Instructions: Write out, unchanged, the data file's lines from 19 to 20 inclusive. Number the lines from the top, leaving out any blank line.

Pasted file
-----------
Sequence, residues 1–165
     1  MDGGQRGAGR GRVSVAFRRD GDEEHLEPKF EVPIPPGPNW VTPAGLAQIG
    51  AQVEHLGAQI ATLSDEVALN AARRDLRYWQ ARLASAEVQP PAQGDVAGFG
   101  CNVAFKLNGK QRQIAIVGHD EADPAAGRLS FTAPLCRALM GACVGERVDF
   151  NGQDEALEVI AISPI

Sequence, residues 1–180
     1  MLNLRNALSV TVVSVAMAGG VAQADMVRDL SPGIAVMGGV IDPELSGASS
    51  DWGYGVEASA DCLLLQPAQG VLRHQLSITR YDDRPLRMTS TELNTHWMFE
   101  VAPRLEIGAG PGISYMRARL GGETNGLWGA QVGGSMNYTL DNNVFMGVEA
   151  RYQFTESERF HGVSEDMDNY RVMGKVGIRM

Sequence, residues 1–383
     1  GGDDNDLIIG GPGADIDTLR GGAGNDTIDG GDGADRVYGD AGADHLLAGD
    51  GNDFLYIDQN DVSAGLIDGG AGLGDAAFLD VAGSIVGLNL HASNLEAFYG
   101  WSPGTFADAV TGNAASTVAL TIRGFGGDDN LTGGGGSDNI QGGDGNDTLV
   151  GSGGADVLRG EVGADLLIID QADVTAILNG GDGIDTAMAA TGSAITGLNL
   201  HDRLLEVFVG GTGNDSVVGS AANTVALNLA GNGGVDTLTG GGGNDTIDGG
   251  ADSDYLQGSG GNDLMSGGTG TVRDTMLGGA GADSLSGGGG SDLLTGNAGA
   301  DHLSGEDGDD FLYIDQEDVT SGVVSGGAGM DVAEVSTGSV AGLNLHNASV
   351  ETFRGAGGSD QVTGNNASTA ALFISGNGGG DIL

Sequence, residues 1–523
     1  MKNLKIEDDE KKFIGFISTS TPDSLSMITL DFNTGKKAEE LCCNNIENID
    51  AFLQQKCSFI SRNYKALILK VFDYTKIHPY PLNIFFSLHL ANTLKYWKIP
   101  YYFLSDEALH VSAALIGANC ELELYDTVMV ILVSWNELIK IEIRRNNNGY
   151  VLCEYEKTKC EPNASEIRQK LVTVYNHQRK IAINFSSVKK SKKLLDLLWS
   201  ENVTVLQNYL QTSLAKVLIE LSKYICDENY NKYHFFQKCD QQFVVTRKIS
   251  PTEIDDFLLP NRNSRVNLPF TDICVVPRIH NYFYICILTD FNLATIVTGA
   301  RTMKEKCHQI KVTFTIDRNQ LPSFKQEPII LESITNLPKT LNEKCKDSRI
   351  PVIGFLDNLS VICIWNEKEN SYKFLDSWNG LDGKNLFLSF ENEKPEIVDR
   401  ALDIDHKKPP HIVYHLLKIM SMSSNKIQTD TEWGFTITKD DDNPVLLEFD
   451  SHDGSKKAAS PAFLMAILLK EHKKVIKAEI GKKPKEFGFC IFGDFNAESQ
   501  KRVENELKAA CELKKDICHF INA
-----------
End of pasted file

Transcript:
   351  ETFRGAGGSD QVTGNNASTA ALFISGNGGG DIL

Sequence, residues 1–523